Suzuki Aerio SXLori Lovely
Suzuki"s all-new vehicle defies classification. This little crossover competes with Toyota"s Matrix, providing plenty of cargo space in a zippy four-cylinder package of funky high-riding aerodynamic design.
The love-it-or-hate-it profile of the Aerio SX will be considered either innovative and edgy or comically abbreviated. The SX is 5 inches shorter than the sedan version - and its competitor, the Matrix. Sure, that will help you fit into those compact parking spaces in parking towers, but it does look a bit bizarre. Who chopped off the rear, leaving a roofline spoiler extending above a large rear window?
Its height makes up for any shortcomings in length. This small vehicle sits high off the ground, making climbing in and out more dignified - and less revealing when you"re wearing a short skirt. Its tallness translates into generous in head room. The chairlike seat height also provides increased leg room because legs go down rather than ahead. Leg room in the rear is commendable, and the view from the theater-style seating is better than from many full-size SUVs.
The SX has the bone structure of a bigger vehicle, dwarfing its 15-inch wheels. A cubic feat, as Suzuki says. A deep, wide trunk with low lift-over height easily handles luggage, but if you pack like I do or you"re hauling your dog, it comes ready for a roof rack. The back seat folds down flat (or has a 60/40 split) and the rear hatch opening is tall and wide, for easy transporting of man"s best friend or other important cargo. The liftgate has a black painted area below the rear window that makes lighter colored SXs easy to identify from a distance, and emphasizes its unusual shape. There"s hidden storage for dog bowls under the floor (Sure, why not? There"s no full-size spare taking up space; it"s just a doughnut.), and a storage tray for treats under the front passenger seat.
OK, so we all fit. Now for the road test. Butler Warehouse salesman Robbin Hatchett Sr. put me behind the wheel and sent me off. Magic words to my dog: ride in the car.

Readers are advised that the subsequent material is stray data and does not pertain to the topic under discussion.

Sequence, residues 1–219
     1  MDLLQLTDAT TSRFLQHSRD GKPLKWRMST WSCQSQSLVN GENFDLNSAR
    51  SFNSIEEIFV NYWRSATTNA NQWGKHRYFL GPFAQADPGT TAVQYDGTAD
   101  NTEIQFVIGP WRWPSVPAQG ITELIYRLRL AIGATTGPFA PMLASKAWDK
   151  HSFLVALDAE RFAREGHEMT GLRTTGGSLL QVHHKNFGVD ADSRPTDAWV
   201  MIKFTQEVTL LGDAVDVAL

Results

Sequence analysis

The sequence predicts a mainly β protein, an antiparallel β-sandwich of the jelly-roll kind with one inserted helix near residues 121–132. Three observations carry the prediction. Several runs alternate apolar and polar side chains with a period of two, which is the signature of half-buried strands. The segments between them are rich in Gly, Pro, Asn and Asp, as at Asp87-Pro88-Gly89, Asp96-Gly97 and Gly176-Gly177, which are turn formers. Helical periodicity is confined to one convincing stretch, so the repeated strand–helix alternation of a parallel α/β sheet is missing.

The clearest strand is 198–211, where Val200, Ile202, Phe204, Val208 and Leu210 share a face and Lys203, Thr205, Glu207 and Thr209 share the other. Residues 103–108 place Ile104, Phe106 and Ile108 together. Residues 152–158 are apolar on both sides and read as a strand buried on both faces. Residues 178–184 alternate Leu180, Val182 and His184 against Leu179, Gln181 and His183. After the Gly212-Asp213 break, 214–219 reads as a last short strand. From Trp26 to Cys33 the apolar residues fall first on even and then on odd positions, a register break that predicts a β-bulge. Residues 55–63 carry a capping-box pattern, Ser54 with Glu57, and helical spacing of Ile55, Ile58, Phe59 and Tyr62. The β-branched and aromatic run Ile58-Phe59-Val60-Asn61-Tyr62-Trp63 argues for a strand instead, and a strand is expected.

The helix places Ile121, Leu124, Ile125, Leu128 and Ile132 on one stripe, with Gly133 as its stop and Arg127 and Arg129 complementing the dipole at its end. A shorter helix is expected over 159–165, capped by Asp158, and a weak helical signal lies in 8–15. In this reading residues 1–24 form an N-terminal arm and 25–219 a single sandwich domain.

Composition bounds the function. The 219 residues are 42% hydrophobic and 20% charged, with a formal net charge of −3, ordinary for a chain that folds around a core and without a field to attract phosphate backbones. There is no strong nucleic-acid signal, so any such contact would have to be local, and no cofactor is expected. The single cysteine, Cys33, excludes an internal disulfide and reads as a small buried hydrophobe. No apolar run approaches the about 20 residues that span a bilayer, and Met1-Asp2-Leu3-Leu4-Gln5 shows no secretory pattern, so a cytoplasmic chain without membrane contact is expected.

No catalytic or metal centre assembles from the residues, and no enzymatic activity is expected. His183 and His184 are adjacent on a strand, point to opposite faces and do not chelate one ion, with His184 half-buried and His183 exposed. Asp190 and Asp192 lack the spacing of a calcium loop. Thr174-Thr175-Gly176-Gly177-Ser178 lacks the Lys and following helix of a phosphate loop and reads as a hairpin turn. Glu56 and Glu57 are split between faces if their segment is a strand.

The 2-liter engine revs as impatiently as my dog pants: Let"s go! The four-cylinder engine is mounted transversely, with an elongated intake manifold and larger catalyst and muffler. It produces 141 horsepower, and with the five-speed manual tranny, provides more bang for your buck - on the street and at the pump. Standing starts are tire squealers. The SX"s light curb weight makes the four-cylinder feel powerful.
The stick is smooth, quick and easy, with short throws. No need to slam the gears; they go happily. Steering feedback is decent, and turning radius is impressive. But it leans in corners like a bigger SUV (or a racing bike), due to its high-riding stance. It"s softly sprung and roll resistance is low, which is surprising considering Suzuki"s sport bike heritage.
Its ability to take the bumps well makes the ride a lot easier for a driver, or a dog eager to get somewhere. The struts have layered valves for progressive shock damping, allowing the suspension to absorb small bumps while stiffening for big ones. Harshness and highway noise is further reduced by a rear subframe mounted in rubber. Variable thickness steel contributes to a rigid chassis.
Inside, the Aerio has one of the tiniest wedge instrument panels on the market. Just big enough for an LCD analog tach, digital speedometer and itty-bitty temperature and fuel gauges in eye-popping orange, it"s matched by a symmetrical wedge shape on the passenger side for - uh, looks, I guess. Or for cheap and easy right-hand-drive conversions for sales in other countries.
That triangular wedge theme is repeated from headlights to profile to taillights. It"s evident even from the driver"s seat. The A-pillars have a nice little triangle of a window, adding to the visibility.
The standard Clarion AM/FM/CD and HVAC controls are mounted in the center for easy access, or arguments, as the case may be. The interior is all plastic, but quality-look plastics. The dash has an industrial-look texture, and function hasn"t been compromised by style.
Sometimes it doesn"t matter what classification fits a vehicle. The SX is a well-behaved daily driver with ample cargo (human and otherwise) space. To complete the temptation, Suzuki throws in standard features like AC and power windows and mirrors, at a price significantly below that of its closest competitor"s.
Suzuki Aerio SXBase Price: $16,074
2.0-liter, four-cylinder, 16-valve engine
Fuel mileage: 26 mpg in the city and
32 mpg on the highway
15-inch alloy wheels
Power locks and windows
Keyless remote entry
Rear seat armrest
Driver & passenger air bag
Power locks / mirrors
Second row folding seat